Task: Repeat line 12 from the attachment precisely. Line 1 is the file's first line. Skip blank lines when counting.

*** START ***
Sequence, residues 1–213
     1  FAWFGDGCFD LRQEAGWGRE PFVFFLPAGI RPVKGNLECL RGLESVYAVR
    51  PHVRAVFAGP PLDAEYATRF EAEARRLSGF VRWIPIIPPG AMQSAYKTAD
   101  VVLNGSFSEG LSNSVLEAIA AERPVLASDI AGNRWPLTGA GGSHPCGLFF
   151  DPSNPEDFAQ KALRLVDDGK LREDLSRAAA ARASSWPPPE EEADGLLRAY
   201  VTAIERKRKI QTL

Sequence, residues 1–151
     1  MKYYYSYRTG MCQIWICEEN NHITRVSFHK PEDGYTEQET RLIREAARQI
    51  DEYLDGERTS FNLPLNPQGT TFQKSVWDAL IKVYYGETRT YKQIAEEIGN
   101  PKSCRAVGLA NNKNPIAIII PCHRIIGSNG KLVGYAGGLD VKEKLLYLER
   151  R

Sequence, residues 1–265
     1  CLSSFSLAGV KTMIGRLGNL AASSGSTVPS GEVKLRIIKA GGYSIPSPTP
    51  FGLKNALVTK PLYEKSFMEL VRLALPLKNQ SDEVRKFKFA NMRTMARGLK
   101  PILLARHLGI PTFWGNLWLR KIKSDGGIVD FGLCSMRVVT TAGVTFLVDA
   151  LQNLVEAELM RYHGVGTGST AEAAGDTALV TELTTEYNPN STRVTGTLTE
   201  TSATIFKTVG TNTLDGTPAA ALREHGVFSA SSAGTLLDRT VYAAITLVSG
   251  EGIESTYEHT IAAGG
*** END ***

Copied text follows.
Sequence, residues 1–265